roethlisbergerAlong the same lines, Pittsburgh Steelers quarterback (my sports boyfriend 😉 Go Steelers!) Ben Roethlisberger, had to clear up the rumor that he is fighting skin cancer. Someone posted a status update on Facebook under Roethlisberger’s name stating that he had been diagnosed with skin cancer. Although there are accounts under his name on Facebook, Twitter and Myspace, none actually belong to the quarterback.

“There’s no truth to it. I don’t have any of that stuff,” the Steelers quarterback proclaimed Wednesday.

(Read the rest of the article here even though they spelled his last name wrong until the middle of the article. )

 

What do these stories mean to social media and social networking? Do they hurt the credibility of bloggers or companies on Twitter? Is Twitter anything more than a high tech version of Telephone? Should we believe anythingthat we read? Undoubtedly, we have to remember that many blogs, Facebook accounts and Tweets belong to regular people. They aren’t journalists who are required to research (then again, the article I posted spelled a name wrong!). For some reason people will pose as celebrities and tell lies, or people will report it wrong (did you know the AP Wire posted a story last night with the wrong winner of American Idol?!). To err is human and mistakes are to be expected.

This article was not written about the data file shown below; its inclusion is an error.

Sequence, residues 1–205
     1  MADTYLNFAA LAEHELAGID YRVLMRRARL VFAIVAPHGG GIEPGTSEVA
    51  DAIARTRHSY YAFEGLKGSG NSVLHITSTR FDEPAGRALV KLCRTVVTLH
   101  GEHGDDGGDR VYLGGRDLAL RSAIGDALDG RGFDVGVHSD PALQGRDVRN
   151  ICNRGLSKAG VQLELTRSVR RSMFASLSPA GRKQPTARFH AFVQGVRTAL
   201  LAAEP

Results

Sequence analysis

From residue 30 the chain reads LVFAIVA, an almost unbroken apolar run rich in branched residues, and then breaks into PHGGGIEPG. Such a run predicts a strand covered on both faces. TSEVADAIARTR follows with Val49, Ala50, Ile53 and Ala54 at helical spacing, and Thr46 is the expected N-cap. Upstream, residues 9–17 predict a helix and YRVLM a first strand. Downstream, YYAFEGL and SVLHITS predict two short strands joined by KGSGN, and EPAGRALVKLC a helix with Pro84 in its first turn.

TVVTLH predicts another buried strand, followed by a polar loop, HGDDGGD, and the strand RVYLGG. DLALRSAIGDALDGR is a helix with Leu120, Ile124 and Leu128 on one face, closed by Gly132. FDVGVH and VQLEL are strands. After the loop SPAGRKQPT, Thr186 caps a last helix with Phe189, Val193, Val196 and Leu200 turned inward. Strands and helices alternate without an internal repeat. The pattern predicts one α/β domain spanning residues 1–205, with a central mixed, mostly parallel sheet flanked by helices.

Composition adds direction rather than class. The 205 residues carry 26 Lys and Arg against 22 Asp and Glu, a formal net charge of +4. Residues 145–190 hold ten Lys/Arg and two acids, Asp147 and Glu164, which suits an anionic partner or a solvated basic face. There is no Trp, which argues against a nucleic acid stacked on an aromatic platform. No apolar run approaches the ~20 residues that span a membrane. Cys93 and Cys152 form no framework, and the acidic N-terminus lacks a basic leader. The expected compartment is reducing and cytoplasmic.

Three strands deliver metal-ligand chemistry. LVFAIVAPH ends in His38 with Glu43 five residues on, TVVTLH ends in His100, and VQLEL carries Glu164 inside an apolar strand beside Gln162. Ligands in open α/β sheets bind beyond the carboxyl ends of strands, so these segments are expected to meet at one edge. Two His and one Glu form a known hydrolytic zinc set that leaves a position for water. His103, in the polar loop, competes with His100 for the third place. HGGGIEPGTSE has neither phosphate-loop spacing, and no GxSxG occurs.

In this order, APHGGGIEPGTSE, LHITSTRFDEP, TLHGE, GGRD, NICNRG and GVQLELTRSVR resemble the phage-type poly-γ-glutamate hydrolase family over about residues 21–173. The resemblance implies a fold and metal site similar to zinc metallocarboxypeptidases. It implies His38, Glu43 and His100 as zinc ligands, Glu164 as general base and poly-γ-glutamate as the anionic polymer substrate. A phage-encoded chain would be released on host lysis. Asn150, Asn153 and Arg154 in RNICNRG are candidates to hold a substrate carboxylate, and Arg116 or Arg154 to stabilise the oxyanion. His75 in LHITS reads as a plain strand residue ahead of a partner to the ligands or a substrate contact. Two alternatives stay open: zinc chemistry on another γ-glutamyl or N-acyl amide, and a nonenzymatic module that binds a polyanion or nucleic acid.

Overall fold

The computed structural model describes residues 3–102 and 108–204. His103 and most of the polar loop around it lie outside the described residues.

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adviceSo far on my blog I have offered a little advice and stated my opinion. Now I am asking for something back.

 I have no idea how many people (if any) read this blog. I’m hoping at least one or two and I’m hoping these readers (yeah, that would be you!) come out of hiding and contribute. Maybe asking for comments is against proper blog etiquette (though somehow I doubt Miss Manners has rules for blogging) but I’m taking a chance and potentially rebelling against the status quo (and pretending that the status quo song from High School Musical didn’t just pop into my head.)

But I digress…

I would like some job hunting advice. I know the basics, I’ve done the basics (you know, all that stuff I talked about here) and I’m still hunting. I’m hoping to find some insight, something that I’ve missed or just hadn’t thought of.

As we already know, I’m on all the social networking sites. I have profiles on CareerBuilder, Monster, and get daily emails from Simply Hired. I check the local big companies (Aflac, TSYS, Auburn University, etc) several times a week. I have written and re-written my resume more times than I can count. I have a VisualCV, a blog, and a Twitter account.

Maybe it’s just the economy or maybe it’s just the areas I’m looking in (Columbus, GA and Auburn, AL). Maybe I should blog more or connect with more people on Twitter, or contribute more to those social networking sites I’m a part of. What do you think? Other than the same ol’ stay positive, keep on trying, be confident advice, what can you tell me?

I don’t want to sound desperate here because I’m not. Sure, it’s been nearly 6 weeks since I was laid off and yes, I was job hunting even before then. However, I’m still not feeling desperate or depressed or pessimistic. I simply want to be sure that I am doing everything. You see, when you are unemployed and finding a job is your full time job, you need to do it right! I just want to see what else I could be doing.

So what do you think? More in-person networking? (I’m thinking this would be good… but where? In a small town area, where can I go? What should I look for?) More followups with potential employers? (I always worry I’ll bug the crap out of people who are already busy enough) More blogging and Twitter and social media and social networking and patience? Please advise.